A Few of My Favorite Things {July 2015}

Hooray for July! The month started with a literal bang as we took Gabriella to her first fireworks show. We sat in a field as brilliant colors lit the sky. She had so much fun it was ridiculous.

I taught her how to "ooooh" and "ahhhh" in all the right places. Then, as nearby kids hollered, I joked to Billy, "or we scream bloody murder." This statement led Gabriella to respond to the fireworks by shouting, "ooooh, ahhhh, BLOODY MURDER!" Classic.

Here are some more of our favorites from July.

Soccer for the win!

Guatemala came to Nashville to play the US Men's Team. That's only about 3.5 hours from us, so we were totally in! And I gotta say: so. much. fun. From the costumes to the boisterous group singing, the only thing missing was spontaneous choreographed dancing. Basically, I'm saying attending a soccer game was akin to living inside a real-life musical.

We dressed in a hybrid of patriotic apparel, feeling loyalty to both countries. And we weren't the only ones! So many Guatemalans wearing blue and white jerseys and waving American flags. We had such a great time, and it was a real treat to be able to see it live (and film a 2015 World Cup Wives video).

Then, we were on to the Women's World Cup Finals. This time on TV, but still. The US Ladies rocked it! July was a good soccer month.

Birthday Boy

Isaac turned two this July. Two! It's shocking in both its "you were just born" and its "you've been here all along, how are you only two?" We celebrated with pizza and cake.

And he got his very first bike, on which he's been slowly gaining confidence. Now, it lives in the living room, and he jumps on first thing in the morning to scoot around in circles.

Books and Tears

This month I started reading chapter books to Gabriella. It's like a life dream come true for me. I couldn't read Llama Llama even one more time. (Oh wait... I have a second kid. Ok.)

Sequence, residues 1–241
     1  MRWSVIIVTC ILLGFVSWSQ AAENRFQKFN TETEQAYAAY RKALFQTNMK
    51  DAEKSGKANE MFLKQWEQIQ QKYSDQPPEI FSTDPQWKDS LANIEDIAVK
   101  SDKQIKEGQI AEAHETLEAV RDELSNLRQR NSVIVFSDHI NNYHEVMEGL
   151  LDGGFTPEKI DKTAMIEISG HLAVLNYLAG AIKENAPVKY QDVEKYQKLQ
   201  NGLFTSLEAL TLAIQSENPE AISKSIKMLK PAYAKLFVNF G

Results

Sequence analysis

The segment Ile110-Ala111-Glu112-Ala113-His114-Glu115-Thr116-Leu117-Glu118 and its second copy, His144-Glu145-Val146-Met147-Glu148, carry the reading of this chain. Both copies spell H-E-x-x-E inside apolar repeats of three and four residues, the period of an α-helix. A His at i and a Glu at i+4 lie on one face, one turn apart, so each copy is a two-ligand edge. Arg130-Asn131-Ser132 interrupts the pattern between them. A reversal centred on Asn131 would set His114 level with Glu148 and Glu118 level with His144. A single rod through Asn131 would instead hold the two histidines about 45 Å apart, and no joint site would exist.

But I decided to experiment with Sarah, Plain and Tall. She totally got the concept of the story being continued across several days. And then she said to me, "Mom, this book has no pictures, but I see it in my mind." I nearly cried as we discussed imagination.

As always, I felt a little nervous that her English literacy is outpacing her Spanish. So Billy instructed me to order this book. It arrived this week, and now she has started listening to a chapter book in Spanish, too. She needs a little translation help, but that's ok. We'll take it!

Beach Babies

Last year, we had a crawler and decided not to go to the beach where he would burn his knees and eat more sand than a human really should. So it was fun to go this year and swim, build sandcastles, and eat our weight in snacks.

Gabriella learned to ride waves, and Isaac chased birds along the surf with his truck. I got to read The Book of Unknown Americans. So it's safe to say fun was had by all.

My Favorite Purchase

After years of searching, someone recommended to me a water bottle for kids that doesn't leak. I'm in love. Now, if we can just not lose them...

And I'll throw in a bonus purchase favorite that's not so "mommy." They stopped carrying my go-to eyeliner at the store, so I found it on Amazon.

All the Links

Here's a few favorite links I shared this month:

Last Comic Standing - Ryan Conner - I've watched this more than once, and I'm still laughing. This fella's experiences in a large, multiracial family are relatable and hilarious.

Historian Says Don't 'Sanitize' How Our Government Created Ghettos - Helpful, historical perspective on how neighborhoods in the States were created.

What's the Difference Between Hispanic, Latino, and Spanish? - There's not really a clear cut answer to this question. But I hear it asked a lot, and this video sheds some light.

Could You And Your Partner Pass A U.S. Immigration Marriage Interview? - I remember studying many of these questions before we appeared for our interview.

And here are some posts on A Life with Subtitles that readers enjoyed:

43 Thoughts You Have While Speaking Spanish (As A Second Language) - Don't say embarazada. Don't do it, I tell you.

Why My Views on the Confederate Flag Changed - How I was taught about the Civil War growing up in the South, why it matters, and what has influenced me since grade school.

13 Culture Blogs You Gotta Check Out - Some favorites that you should definitely add to your Feedly or Pocket or whatever you use to read blogs!

Thanks to Leigh Kramer for hosting this link-up. What are you into?


Eat, Love, & Be Vulnerable

I came across a post online entitled What I Learned Living Cross-Culturally as a Christian, and it really resonated with me. That's when I started reading Cindy Brandt and her reflections on faith and culture. I am stoked that she is guest posting today, and I love this story of sharing dinner and sharing life. 

Marrying internationally means that cultural dissonance is a regular part of my life experience. We don’t go very long before either one of us find ourselves in a situation that is counterintuitive to the way we were raised. For example, my husband and I often get questions curious about what kind of food we eat, but in addition to eating different cuisine, we also differ in the way that we eat.